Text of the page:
Microsoft is beefing up its Slack-like collaboration software, Microsoft Teams, with the technology (and the founder) from collaboration software startup Chalkup. Following the acquisition, Microsoft says it will bring some of the features Chalkup had built to the Microsoft Teams for Education product experience.
Chalkup was founded in 2013 by CEO Justin Chando, who’s joining Microsoft as a result of this deal, and CTO Tim Costa, who left Chalkup in 2015.
The startup offered a classroom collaboration platform where teachers could share resources and assignments with students and could discuss course topics, among other things. The company says educators and students from 1 in 3 universities and 1 in 5 high schools in the U.S. had used Chalkup at some point.
As the two products compete in the same space – collaboration software for educators and students, both Microsoft and Chalkup realized they may do better to join forces.
“In spending time with the amazing people at Microsoft, it was clear that we were completely aligned in our mission for connecting classrooms, sparking student collaboration, and finding new and innovative ways to work together. We knew Microsoft would be a great fit and we’re thrilled for what the future holds for our customers,” said Chando, in the official announcement.
Moving forward, Chalkup says some of its best-loved features will be integrated into Microsoft Teams. However, the companies so far have only disclosed one that’s definitely making the transition: Chalkup’s criteria-based grading rubrics that let teachers give students feedback on their work.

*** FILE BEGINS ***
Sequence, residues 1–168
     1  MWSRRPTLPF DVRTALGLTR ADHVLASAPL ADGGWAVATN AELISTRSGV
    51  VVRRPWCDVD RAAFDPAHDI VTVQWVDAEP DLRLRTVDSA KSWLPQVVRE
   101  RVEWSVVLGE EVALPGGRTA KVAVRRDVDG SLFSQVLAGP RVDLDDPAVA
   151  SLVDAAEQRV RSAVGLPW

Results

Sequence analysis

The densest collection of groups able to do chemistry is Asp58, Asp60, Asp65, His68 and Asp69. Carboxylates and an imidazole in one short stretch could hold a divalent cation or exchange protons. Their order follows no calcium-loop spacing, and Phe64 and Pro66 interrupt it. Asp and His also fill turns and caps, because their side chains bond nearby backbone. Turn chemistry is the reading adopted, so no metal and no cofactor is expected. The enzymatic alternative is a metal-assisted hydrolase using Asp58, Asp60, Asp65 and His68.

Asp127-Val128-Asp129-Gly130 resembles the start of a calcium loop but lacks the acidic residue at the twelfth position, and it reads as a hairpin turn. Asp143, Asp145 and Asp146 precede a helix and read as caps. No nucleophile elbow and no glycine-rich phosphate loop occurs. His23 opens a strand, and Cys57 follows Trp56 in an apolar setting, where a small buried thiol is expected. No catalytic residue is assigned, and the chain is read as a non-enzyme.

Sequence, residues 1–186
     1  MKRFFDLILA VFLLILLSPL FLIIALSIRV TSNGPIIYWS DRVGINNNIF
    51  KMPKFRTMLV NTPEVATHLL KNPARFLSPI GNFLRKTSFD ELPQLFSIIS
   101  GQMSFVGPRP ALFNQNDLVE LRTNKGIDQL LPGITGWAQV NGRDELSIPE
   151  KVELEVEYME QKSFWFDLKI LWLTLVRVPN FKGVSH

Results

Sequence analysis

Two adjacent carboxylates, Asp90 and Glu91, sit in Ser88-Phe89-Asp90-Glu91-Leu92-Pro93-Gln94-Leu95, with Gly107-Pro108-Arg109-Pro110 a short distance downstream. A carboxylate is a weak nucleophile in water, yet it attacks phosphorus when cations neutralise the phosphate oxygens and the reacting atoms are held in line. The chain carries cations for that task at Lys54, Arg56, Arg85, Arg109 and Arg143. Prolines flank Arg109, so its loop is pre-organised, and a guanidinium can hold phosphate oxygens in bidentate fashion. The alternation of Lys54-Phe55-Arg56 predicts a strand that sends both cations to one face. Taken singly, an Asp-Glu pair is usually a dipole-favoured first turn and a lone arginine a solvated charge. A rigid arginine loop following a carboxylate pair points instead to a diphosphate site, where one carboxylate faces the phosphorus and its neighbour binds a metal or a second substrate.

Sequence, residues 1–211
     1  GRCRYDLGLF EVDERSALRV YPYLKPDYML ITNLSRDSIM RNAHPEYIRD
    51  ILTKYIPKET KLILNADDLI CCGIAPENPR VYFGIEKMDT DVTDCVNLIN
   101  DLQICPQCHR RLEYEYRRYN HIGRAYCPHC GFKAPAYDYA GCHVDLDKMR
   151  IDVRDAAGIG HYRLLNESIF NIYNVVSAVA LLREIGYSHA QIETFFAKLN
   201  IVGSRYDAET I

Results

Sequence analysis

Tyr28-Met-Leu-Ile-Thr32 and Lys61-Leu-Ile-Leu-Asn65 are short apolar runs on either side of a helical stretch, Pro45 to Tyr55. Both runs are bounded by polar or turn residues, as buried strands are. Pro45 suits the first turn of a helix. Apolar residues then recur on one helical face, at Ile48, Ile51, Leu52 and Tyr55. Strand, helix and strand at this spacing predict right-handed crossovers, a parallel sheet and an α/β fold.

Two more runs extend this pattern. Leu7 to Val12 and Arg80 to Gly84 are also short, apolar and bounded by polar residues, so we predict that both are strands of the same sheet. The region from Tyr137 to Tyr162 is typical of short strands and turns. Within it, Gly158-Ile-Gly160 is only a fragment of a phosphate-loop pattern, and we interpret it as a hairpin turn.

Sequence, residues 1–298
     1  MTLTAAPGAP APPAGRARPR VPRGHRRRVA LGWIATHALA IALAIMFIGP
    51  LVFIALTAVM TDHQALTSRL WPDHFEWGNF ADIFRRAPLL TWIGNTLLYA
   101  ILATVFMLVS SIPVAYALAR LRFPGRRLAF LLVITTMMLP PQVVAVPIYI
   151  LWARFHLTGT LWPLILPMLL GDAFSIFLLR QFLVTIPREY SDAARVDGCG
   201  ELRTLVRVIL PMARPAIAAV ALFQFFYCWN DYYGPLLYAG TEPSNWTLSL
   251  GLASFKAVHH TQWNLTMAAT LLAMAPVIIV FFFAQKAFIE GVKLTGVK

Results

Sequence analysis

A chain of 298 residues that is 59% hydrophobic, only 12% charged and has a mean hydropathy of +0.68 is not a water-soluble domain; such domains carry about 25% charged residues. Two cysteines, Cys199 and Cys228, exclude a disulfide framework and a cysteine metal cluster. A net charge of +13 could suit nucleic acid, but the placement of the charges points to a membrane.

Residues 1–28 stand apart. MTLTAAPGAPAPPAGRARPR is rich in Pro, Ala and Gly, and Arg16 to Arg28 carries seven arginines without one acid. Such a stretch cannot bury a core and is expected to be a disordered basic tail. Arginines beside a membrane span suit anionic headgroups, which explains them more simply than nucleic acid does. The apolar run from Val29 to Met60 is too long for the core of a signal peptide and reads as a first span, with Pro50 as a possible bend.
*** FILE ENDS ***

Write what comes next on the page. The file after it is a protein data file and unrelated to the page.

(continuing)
Chalkup’s product is not immediately shutting down, as that would be disruptive in the middle of the school year. Instead, the software will remain available until June 30, 2018. It will also soon add the ability for users to export their course information and move to Microsoft Teams.
Chalkup itself was not a large company – one founder had left, and it had only raised a small seed round, according to Crunchbase. But Chalkup remained online all these years by being very capital efficient, and had built software that was in demand in the classroom, and as an acquisition target. In fact, the company had multiple acquisition offers, we understand. (Perhaps one was from Google, given Chalkup’s integrations there?)
Investors described the exit to Microsoft as a great outcome, as well.
“Justin built one of the first education platforms that students really loved to use,” said Wayne Chang, who had invested in the startup alongside Jeff Seibert. (Both had directly invested, but not on behalf of Baseline, where they are LPs). “And Jeff and I couldn’t be more excited that Chalkup is joining Microsoft and bringing that approach to schools and classrooms everywhere.”
The acquisition follows shortly after Microsoft Teams’ larger product received its biggest update to date. Last month, Microsoft announced a slew of new features for its Slack competitor, including new app integrations, an app store, improved search and discovery features, and new commands.
Teams’ adoption has been steadily growing. Last September, Microsoft said that 125,000 organizations had adopted the software, but didn’t speak to how many users it has. However, Slack had said around the same time that it had grown to 6 million daily users, 9 million weekly users, and had passed 50,000 paid teams earlier in the year.